At a restaurant the other night my friend Priscilla and I ordered the Korean street tacos (our latest “we live in L.A. and we’re cool” obsession), handed the menus back to the waiter, and began a hilarious conversation . . . on Facebook. I love eating out with Priscilla because we are both addicted to our smart phones. We keep them on the table next to our plates and don’t get offended when the other needs to respond to her text messages. It is understood that she is going to check us in on Facebook while I snap and upload a few photos for posterity. We love our phones so much that it amuses us to instant message while sitting a few feet apart. We are not alone. Most of our friends in their 30s and 40s act like ridiculous teenagers too.
What I don’t like are people who carry on about technology destroying our society and how we don’t communicate anymore. Apparently Facebook is disabling our ability to connect and text messages are making us illiterate. I have a master’s degree and a colorful social life. So the naysayers can mind their own business and back off my iPhone. With this thought in mind, I picked up a book (with actual paper pages) by sociologist Claude S. Fischer called America Calling; A Social History of the Telephone to 1940. The book takes a look at the history of the telephone from the point of view of the social change it brought to American society. It turns out, when the new invention first gained traction as a household staple, people carried on about how it was going to destroy our social skills and disconnect families by interrupting dinner. The debate (and fear mongering) has been going on for decades. Fischer’s conclusion is that technology doesn’t decide how our society is going to behave but rather we use it to further our own lifestyle agenda:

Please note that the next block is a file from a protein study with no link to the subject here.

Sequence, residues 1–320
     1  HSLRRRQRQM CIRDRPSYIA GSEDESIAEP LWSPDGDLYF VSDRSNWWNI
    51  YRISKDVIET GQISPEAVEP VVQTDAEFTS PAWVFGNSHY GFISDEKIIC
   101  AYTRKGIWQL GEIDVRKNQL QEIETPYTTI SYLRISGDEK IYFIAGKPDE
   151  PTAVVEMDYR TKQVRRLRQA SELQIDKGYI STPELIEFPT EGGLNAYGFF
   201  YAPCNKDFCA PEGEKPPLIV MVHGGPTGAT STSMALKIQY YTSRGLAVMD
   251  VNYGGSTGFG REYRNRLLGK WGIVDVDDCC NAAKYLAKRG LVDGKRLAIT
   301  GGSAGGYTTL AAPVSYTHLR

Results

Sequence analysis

“…while a material change as fundamental as the telephone alters the conditions of daily life, it does not determine the basic character of that life. Instead, people turn new devices to various purposes, even ones that the producers could hardly have foreseen or desired. As much as people adapt their lives to the changed circumstances created by a new technology, they also adapt that technology to their lives. The telephone did not radically alter American ways of life; rather, Americans used it to more vigorously pursue their characteristic ways of life” (pg 5).